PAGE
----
Reflections of a Storyteller: A Conversation with Richard Matheson…
2004–2005 saw publication of Darker Places and the scripts of Duel and The Distributor

By William P. Simmons
Previously published in Cemetery Dance magazine, reprinted by author’s permission

A writer who brought believability and a conscience to speculative and dark fiction early in his career as a short story writer and screenwriter, Richard Matheson, the man, has continued to evolve no less rapidly (and with just as much heart) as his characters “€œ men and women whose battles against a largely hostile world and their own struggling perceptions of Self result in either transformation or defeat. Ushering in a new age of literary fear and dark fantasy with his first published story, “Born Of Man And Woman,” which instantly made him a publishing success, Matheson took the art of fear from the Gothic castles and battlements of its melodramatic ancestry and placed it in the modern American home. Matheson’s monsters were just as often human as they were supernatural, and his subsequent novels and stories exhibited characters struggling with their hearts and morals no less than with physical adversaries such fearsome beasts as one another.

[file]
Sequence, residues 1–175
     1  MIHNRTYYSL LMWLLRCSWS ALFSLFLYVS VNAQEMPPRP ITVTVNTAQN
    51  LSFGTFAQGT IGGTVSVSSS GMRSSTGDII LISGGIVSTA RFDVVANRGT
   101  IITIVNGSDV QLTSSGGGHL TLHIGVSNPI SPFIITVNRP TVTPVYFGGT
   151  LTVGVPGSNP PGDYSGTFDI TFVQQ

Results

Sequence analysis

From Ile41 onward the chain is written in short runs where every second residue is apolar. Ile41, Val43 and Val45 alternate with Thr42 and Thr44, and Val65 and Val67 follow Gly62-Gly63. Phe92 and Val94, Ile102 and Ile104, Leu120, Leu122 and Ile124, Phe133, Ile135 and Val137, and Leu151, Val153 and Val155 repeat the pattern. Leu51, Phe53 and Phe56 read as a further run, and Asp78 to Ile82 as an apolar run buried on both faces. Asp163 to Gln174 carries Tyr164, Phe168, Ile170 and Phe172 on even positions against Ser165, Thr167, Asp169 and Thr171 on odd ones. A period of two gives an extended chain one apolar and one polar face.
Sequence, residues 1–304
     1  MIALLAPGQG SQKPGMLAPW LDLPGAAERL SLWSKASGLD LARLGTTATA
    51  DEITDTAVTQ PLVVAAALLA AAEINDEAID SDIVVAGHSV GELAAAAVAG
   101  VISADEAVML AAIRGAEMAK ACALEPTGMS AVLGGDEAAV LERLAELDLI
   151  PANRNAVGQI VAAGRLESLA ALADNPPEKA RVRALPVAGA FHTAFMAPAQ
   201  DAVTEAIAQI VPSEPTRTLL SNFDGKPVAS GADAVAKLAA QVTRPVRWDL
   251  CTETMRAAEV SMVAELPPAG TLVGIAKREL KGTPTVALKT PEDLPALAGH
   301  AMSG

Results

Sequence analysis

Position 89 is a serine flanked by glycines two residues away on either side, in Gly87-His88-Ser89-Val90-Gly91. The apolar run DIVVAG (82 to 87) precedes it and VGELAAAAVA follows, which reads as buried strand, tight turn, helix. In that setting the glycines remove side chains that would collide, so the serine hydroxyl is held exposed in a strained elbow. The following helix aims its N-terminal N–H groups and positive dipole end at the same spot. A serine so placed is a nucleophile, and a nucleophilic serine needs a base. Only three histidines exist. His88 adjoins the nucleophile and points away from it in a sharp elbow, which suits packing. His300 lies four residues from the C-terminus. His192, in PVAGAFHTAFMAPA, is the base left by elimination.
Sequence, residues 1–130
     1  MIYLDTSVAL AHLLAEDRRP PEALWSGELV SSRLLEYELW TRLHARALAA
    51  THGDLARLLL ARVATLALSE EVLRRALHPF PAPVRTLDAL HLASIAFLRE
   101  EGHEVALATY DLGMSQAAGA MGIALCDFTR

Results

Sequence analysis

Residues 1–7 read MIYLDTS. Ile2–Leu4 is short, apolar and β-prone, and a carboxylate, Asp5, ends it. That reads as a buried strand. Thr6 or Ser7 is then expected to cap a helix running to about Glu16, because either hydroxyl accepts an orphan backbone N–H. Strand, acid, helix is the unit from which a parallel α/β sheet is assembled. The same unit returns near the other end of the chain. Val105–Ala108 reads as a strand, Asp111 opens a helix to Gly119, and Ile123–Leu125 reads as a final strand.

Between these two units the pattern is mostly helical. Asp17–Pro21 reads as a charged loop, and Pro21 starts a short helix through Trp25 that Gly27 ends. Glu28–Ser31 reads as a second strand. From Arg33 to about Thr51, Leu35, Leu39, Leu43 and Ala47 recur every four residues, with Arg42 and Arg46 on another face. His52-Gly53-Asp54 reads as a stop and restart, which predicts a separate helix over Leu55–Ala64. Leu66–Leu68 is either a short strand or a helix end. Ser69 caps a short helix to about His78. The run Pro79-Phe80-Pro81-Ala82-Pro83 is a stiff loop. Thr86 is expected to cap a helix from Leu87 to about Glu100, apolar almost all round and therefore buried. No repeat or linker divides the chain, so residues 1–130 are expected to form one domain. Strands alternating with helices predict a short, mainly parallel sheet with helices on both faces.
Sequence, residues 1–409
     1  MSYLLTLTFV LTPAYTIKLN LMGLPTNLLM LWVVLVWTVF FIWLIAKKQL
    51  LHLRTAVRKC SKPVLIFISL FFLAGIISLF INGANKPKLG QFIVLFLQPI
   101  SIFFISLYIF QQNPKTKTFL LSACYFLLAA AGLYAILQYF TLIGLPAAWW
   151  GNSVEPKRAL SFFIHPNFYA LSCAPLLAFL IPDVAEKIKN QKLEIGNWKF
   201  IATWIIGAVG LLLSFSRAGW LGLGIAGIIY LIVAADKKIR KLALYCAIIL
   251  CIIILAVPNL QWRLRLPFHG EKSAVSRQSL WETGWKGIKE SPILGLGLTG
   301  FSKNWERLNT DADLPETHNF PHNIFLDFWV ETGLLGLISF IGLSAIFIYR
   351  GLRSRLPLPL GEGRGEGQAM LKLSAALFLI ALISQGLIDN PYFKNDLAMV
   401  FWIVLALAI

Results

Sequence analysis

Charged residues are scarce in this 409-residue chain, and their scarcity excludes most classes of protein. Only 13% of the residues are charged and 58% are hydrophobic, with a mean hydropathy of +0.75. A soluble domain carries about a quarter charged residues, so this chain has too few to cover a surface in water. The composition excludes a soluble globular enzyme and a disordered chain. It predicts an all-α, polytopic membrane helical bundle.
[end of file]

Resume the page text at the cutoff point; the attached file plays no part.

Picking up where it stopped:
Called “one of the most important writers of the 20th century” by Ray Bradbury, Matheson inspired other notable authors, including Stephen King, who cited Matheson as “the author who influenced me most as a writer.” A writer in love with words and the aesthetic power of storytelling, Matheson has refused to limit his imagination and creative efforts to any one subject or approach. In addition to his novels of mystery, science fiction, horror, fantasy, and the western, he has long been an influential writer of film and television. Working during “the Golden Age of Television,” he contributed fourteen of arguably the most beloved episodes of Rod Serling’s Twilight Zone, including “The Invaders,” “Nightmare at 20,000 Feet” and “Little Girl Lost,” cementing his status as a cultural icon. With his late friend and fellow writer Charles Beaumont, he wrote several episodes of other popular dramas as well, including scripts for “Have Gun, Will Travel,” “Night Gallery,” and “Star Trek.” He later went on to work with B picture pioneer Roger Corman and AIP pictures, contributing to the silver screen such macabre efforts as The Fall Of The House Of Usher, The Comedy Of Terrors, Burn Witch Burn (again with Beaumont), and several other landmarks of cinematic terror and adventure.